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Pre-creating tables in 9i

I am creating a new 9i database and then pre-creating the tables, importing the user data from an 8i database. I would like to know if I should have tablespaces created with different uniform size. Once I pre-create the table, I also have the opportunity to adjust the table extent (by dropping and recreating the table prior to the import). Should I specify initial and next or default to uniform size for all the tables?

I am creating a new 9i database and then pre-creating the tables, importing the user data from an 8i database. I don't have the application details such as rate of growth or the frequency of the insert, update and delete. There are no chained rows.

I have gathered the following information for all tables: table size (sum bytes of the segment), number or rows, blocks, empty blocks, average space and average row length. Table sizes vary from 3 gig, 2 gig, 1 gig . . . 40960. Under 9i, I would like to know if I should have tablespaces created with different uniform size. Once I pre-create the table, I also have the opportunity to adjust the table extent (by dropping and recreating the table prior to the import). Should I specify initial and next or default to uniform size for all the tables?

You should build your new tablespaces using locally managed tablespaces with ASSM. You can create them with auto-allocate extents or fixed size extents. I almost always opt for fixed uniform size extents. This way all the extents are the same size in the tablespace and can be reused by any object.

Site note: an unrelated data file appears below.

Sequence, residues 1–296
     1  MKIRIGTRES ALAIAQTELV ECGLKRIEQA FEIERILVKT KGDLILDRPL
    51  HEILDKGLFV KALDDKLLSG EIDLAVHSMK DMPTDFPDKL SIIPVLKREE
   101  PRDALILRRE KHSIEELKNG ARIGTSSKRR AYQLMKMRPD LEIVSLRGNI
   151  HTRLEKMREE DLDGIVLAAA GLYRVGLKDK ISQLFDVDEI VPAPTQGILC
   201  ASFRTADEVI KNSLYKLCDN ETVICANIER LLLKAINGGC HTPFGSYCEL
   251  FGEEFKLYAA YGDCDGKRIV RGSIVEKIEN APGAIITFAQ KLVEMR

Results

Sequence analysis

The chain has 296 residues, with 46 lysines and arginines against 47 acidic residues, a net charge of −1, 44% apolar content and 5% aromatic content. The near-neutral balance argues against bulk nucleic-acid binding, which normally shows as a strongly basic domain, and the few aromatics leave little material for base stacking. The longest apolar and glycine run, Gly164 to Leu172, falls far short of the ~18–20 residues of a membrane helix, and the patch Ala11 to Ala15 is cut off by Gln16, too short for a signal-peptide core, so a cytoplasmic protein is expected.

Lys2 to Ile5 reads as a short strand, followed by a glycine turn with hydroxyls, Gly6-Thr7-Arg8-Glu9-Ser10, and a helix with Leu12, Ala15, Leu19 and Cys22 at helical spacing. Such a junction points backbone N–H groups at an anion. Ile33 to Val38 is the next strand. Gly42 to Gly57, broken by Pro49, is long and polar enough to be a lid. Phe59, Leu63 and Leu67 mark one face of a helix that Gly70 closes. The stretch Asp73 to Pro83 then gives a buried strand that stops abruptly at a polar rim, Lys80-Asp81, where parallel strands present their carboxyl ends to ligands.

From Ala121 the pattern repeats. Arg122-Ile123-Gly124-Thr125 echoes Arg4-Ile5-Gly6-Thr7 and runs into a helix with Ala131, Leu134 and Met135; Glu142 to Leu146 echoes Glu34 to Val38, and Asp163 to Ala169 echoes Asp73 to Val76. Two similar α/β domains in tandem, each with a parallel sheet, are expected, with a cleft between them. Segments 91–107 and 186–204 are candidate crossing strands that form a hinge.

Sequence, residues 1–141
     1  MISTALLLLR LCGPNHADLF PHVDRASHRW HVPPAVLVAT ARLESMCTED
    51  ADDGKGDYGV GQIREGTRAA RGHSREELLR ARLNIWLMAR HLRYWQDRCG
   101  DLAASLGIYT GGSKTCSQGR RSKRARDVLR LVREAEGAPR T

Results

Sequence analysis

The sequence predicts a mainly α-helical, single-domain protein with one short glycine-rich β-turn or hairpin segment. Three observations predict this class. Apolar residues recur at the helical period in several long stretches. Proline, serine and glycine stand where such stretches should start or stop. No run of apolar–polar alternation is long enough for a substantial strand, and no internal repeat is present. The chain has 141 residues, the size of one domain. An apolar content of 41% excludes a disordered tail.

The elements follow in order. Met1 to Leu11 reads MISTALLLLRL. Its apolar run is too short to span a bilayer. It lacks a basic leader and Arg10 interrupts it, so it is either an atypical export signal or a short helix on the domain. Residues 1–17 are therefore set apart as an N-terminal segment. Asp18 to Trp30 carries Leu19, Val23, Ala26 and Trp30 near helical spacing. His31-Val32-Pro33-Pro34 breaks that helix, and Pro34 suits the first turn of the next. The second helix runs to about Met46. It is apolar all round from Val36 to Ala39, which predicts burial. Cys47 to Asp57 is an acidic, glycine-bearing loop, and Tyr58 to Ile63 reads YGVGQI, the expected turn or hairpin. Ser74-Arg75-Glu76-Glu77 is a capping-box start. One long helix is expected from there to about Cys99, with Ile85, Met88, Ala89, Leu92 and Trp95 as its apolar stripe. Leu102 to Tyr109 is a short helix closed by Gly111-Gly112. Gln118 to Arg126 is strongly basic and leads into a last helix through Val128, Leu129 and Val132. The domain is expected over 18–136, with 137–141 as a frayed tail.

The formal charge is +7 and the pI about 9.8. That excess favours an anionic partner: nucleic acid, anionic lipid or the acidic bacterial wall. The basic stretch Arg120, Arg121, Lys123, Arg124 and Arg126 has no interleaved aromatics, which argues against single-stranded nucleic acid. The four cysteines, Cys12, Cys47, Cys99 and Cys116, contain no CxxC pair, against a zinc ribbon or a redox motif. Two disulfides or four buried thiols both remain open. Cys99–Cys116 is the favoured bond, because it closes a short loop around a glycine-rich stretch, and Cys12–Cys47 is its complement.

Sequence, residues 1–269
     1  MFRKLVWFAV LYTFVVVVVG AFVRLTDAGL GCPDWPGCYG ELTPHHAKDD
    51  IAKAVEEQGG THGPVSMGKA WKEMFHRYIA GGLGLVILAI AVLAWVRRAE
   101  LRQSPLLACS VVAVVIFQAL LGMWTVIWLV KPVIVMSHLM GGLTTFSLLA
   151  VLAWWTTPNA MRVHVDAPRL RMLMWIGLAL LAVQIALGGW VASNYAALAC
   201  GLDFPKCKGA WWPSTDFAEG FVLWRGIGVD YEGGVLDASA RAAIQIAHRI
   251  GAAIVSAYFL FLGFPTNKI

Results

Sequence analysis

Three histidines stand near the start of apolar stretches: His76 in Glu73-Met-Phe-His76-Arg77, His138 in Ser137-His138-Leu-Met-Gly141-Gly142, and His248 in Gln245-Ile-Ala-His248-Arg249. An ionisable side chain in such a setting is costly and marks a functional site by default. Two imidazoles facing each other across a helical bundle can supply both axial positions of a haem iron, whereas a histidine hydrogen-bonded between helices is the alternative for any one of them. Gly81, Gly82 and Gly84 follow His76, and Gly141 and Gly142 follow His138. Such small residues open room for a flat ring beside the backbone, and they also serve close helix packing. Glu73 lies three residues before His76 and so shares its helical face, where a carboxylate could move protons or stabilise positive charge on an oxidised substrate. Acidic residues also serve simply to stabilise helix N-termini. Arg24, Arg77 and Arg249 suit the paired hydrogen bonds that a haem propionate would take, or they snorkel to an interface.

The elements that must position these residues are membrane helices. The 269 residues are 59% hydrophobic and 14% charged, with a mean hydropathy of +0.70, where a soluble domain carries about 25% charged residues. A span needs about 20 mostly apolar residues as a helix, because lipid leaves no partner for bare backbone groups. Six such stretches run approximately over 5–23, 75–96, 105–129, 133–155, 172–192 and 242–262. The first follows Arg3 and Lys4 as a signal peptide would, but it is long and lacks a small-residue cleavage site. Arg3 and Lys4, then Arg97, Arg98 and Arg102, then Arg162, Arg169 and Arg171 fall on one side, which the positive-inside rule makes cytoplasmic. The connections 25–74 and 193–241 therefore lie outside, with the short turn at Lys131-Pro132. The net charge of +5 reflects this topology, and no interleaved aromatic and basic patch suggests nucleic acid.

As far as sizing, you have to remember that an extent can only hold one object. If you create large extents and place indexes in them, there could be a lot of wasted space. On the other hand, locally managed tablespaces do not hit the data dictionary for extent information and having many extents will not impact performance.

There is no need to try and import a table into one extent. My recommendation is to create one tablespace for indexes and another for tables. Make the table tablespace extent size equal to the smallest table you are going to place in it (if you have some large tables with very small tables you might need to make larger extents and have some wasted space with the small tables). Make the index tablespace extents smaller since the objects are smaller. Don't worry about a table that ends up with 100 extents; it will not impact performance.

Another alternative is to create small, medium and large tablespaces and divide up your objects into these tablespaces depending on object size.

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